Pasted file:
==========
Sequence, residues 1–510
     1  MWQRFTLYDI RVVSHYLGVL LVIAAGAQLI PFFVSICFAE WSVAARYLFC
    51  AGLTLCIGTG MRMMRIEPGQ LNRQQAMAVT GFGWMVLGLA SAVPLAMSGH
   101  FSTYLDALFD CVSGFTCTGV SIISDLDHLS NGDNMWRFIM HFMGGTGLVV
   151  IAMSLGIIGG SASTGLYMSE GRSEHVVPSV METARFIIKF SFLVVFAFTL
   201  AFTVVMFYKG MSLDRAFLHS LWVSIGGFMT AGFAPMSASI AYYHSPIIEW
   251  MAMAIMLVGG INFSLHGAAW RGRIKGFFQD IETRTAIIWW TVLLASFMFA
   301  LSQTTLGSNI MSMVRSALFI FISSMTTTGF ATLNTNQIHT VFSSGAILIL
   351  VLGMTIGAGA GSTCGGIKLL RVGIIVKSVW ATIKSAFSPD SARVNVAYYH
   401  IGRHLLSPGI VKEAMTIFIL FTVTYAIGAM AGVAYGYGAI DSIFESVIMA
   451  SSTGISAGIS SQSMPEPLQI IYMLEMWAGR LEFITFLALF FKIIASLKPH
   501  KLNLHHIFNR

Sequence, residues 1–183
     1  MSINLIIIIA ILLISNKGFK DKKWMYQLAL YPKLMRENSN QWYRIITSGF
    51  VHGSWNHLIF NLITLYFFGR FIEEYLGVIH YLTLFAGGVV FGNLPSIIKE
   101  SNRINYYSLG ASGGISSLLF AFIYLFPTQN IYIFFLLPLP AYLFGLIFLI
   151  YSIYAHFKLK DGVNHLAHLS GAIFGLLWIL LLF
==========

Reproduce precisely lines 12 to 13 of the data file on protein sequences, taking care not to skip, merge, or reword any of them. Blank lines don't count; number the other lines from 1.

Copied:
   501  KLNLHHIFNR

Sequence, residues 1–183